Stack Overflow’s “Documentation” site was an attempt to create collaborative documentation for software. A year on, the company has essentially admitted the initiative was a bust and although it has “learned quite a bit” from the experience, Documentation itself is biting the digital dust.
Described by SO as a “community-curated, example-focused developer documentation, based on the principles of Stack Overflow”, Documentation was designed to shore-up holes in official software documentation, with programmers providing practical advice and examples.
However, 12 months on from the launch, SO community manager Jon Ericson announced that Documentation has received its marching orders.
The extensive post takes its time declaring why Documentation is getting the boot, but essentially, the key part of the site’s monetisation strategy involved attracting new users, something Documentation failed to do.
Ericson provides the following explanation as to why this was the case:
Users with less Stack Overflow experience tended to be intimidated by the prospect of making even trivial edits. So the programmers most likely to become Documentation contributors were already heavily engaged in using Stack Overflow.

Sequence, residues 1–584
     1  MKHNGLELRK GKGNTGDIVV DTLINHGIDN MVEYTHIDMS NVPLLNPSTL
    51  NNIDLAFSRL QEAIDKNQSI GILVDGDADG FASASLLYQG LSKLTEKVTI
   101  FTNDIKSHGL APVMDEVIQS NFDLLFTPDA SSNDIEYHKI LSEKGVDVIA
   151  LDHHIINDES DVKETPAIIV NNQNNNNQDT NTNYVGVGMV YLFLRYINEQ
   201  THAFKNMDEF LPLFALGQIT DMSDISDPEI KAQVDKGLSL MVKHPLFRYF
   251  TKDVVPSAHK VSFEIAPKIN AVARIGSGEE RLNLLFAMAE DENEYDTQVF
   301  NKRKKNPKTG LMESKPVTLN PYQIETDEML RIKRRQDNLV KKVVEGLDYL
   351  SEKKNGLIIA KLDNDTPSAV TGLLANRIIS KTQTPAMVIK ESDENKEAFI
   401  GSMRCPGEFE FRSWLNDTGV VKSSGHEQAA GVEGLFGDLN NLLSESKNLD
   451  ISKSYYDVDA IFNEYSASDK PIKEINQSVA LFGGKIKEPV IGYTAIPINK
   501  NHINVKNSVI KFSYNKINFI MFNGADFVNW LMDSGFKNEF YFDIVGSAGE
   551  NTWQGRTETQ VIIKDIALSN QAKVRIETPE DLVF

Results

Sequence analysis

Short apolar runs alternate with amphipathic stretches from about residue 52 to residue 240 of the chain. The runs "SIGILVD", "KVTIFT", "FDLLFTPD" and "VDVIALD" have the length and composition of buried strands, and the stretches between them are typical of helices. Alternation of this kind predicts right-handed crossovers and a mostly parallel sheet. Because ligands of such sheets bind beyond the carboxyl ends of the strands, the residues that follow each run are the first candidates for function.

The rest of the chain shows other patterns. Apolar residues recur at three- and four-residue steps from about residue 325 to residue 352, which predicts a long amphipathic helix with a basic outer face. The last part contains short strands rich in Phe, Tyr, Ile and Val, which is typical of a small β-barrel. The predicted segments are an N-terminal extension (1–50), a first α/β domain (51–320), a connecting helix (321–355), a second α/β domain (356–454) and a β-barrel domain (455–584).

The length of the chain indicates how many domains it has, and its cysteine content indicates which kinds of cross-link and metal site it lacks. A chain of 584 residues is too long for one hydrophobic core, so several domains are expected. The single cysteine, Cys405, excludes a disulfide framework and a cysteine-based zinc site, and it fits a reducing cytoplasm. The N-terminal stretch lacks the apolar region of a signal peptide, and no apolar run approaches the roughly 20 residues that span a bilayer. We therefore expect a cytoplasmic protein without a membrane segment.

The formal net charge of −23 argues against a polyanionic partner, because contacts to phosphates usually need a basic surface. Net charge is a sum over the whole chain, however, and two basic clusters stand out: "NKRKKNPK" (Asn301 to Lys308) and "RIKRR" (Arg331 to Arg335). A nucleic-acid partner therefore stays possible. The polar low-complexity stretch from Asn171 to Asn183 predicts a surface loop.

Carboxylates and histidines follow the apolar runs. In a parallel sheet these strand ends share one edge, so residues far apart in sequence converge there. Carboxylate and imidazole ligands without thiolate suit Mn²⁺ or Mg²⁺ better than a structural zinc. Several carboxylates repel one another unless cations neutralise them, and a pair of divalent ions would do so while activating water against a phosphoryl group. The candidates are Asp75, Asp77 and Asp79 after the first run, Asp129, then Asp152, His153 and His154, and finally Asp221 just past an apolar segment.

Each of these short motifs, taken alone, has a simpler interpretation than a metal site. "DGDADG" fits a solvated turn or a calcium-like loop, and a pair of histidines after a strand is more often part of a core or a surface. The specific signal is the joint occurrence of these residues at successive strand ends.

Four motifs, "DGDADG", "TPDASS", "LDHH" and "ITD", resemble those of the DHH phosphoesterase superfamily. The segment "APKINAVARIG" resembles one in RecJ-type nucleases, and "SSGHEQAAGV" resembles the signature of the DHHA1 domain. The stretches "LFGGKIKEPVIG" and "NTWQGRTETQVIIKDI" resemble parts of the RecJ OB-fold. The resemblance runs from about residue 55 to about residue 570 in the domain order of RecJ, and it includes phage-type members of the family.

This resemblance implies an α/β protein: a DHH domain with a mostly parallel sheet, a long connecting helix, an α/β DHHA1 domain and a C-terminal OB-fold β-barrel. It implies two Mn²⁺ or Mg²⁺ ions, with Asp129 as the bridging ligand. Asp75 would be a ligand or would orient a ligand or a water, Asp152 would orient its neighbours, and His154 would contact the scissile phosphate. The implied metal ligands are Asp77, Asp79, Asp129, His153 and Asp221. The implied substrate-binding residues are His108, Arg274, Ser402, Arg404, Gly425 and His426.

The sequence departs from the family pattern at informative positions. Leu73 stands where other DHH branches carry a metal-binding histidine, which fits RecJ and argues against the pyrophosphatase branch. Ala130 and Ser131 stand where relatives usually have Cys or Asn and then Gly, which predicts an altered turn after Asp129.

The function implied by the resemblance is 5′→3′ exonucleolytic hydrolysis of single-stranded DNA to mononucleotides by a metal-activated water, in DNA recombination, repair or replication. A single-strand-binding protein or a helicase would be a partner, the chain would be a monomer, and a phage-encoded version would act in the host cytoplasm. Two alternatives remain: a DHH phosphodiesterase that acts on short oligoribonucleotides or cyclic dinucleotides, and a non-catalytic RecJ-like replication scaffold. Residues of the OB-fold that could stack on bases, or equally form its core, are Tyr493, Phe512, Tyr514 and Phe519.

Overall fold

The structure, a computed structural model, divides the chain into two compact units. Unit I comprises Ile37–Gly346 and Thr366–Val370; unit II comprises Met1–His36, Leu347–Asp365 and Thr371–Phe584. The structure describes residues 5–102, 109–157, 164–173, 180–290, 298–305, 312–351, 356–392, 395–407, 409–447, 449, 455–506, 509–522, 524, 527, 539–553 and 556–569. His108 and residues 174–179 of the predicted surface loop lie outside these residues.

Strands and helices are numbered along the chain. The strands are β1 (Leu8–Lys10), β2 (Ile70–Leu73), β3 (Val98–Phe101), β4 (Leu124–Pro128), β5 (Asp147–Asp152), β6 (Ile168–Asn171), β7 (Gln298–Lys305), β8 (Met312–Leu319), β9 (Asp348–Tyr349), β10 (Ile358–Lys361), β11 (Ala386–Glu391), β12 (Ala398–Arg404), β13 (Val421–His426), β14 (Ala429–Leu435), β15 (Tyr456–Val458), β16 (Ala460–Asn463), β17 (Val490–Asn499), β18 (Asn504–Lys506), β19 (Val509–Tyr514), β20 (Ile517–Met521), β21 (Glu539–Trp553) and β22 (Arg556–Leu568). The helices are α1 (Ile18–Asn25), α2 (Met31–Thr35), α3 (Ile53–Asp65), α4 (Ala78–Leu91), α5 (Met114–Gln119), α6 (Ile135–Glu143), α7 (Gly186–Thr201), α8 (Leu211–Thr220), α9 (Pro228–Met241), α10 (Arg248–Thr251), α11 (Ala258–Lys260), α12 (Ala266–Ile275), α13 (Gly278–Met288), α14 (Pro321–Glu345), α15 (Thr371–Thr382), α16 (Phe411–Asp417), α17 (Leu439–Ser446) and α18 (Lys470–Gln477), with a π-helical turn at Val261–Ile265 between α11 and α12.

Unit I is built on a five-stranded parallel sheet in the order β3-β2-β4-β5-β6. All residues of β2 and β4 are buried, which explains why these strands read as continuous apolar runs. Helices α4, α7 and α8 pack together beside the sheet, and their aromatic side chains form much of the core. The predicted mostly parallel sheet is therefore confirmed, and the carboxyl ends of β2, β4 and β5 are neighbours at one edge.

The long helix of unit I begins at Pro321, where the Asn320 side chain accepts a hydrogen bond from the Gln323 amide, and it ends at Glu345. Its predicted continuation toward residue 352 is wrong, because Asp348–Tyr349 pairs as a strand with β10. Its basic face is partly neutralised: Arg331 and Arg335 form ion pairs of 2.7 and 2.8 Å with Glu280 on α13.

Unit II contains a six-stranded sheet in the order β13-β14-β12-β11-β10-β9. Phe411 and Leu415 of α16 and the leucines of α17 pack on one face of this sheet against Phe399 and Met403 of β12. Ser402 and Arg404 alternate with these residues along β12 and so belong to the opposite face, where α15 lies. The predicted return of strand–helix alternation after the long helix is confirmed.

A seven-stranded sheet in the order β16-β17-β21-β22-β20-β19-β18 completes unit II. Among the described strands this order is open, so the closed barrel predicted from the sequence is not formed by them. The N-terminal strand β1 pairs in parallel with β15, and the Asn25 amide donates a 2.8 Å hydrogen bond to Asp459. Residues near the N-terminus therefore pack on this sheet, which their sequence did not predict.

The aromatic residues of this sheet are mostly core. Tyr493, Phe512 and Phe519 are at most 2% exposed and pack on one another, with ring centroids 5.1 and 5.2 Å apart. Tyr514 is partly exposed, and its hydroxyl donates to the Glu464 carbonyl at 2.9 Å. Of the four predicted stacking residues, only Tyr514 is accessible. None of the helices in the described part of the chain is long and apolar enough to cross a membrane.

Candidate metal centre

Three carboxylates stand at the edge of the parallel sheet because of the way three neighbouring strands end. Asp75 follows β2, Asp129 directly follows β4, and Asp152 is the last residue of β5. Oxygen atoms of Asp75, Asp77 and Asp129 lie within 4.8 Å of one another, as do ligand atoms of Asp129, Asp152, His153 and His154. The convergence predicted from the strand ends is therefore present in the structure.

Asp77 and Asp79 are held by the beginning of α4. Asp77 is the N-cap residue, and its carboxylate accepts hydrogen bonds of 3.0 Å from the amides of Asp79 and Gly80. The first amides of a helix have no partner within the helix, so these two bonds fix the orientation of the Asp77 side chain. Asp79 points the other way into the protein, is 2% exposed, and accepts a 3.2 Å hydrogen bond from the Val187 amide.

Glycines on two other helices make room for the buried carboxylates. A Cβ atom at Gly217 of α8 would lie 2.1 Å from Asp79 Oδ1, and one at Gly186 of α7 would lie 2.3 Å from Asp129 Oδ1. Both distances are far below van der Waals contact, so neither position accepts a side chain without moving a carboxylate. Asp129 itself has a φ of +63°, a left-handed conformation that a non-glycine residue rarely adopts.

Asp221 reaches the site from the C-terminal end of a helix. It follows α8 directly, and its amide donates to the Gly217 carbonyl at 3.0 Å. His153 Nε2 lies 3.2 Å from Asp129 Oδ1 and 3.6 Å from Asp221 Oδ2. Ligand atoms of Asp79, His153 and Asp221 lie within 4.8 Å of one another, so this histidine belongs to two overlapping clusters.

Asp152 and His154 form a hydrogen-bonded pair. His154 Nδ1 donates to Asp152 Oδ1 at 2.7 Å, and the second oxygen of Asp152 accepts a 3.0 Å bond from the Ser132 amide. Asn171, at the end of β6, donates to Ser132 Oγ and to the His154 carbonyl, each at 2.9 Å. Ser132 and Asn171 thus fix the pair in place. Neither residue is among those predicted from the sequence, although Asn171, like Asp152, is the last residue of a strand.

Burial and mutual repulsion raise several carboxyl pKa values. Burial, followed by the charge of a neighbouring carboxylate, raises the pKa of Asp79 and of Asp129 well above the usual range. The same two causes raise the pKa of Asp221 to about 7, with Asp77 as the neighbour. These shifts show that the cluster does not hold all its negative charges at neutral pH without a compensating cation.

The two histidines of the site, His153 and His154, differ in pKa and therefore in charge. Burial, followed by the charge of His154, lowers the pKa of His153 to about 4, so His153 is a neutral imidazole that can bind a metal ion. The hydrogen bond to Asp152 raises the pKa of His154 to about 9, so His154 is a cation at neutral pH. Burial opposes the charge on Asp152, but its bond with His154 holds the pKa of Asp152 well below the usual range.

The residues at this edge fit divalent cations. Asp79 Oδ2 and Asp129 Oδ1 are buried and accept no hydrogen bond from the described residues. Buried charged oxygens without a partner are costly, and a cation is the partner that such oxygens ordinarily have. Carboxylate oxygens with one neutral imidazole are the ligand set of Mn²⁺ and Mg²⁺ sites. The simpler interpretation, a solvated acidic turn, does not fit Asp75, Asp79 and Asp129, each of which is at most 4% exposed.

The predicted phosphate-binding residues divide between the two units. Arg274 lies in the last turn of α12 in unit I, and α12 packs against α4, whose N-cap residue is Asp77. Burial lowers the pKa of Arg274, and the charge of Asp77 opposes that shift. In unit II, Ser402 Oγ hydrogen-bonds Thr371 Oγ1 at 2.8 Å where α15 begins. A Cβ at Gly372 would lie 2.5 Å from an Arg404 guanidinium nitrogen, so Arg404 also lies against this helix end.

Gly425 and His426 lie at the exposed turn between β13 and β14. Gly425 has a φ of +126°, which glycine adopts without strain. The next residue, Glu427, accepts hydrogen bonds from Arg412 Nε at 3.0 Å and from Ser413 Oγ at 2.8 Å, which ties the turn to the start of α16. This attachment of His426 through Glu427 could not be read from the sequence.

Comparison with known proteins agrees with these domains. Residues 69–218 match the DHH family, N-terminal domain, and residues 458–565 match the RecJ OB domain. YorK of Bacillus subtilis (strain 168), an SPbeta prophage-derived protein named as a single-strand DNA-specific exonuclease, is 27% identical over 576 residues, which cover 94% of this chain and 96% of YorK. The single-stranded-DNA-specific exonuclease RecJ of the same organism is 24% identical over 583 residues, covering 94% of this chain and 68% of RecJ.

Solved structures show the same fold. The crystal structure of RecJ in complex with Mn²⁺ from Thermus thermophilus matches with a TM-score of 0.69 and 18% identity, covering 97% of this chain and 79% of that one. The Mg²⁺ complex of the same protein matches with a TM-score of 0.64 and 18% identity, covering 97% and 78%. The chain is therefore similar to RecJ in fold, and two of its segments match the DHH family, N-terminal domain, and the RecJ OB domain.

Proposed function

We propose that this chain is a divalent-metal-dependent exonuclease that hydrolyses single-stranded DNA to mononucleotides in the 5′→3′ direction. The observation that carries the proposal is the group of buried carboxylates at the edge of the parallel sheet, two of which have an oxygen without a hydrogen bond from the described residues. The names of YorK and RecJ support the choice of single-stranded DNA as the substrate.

Stack Overflow disabled the ability to edit Documentation on August 8 and eventually, articles on the site will come with “suggested” links, directing users to other, more current resources. An explanatory landing page will inform users of the shutdown and provide a way to get raw data from the site.
There was a decent idea behind Documentation, but it’s clear Stack Overflow’s approach wasn’t quite right. It’s hard to say what the best implementation would require — better rewards for contributions, perhaps a different format altogether — but hopefully anyone going down the same path can learn a few things from SO’s experiment.
Sunsetting Documentation [Stack Overflow]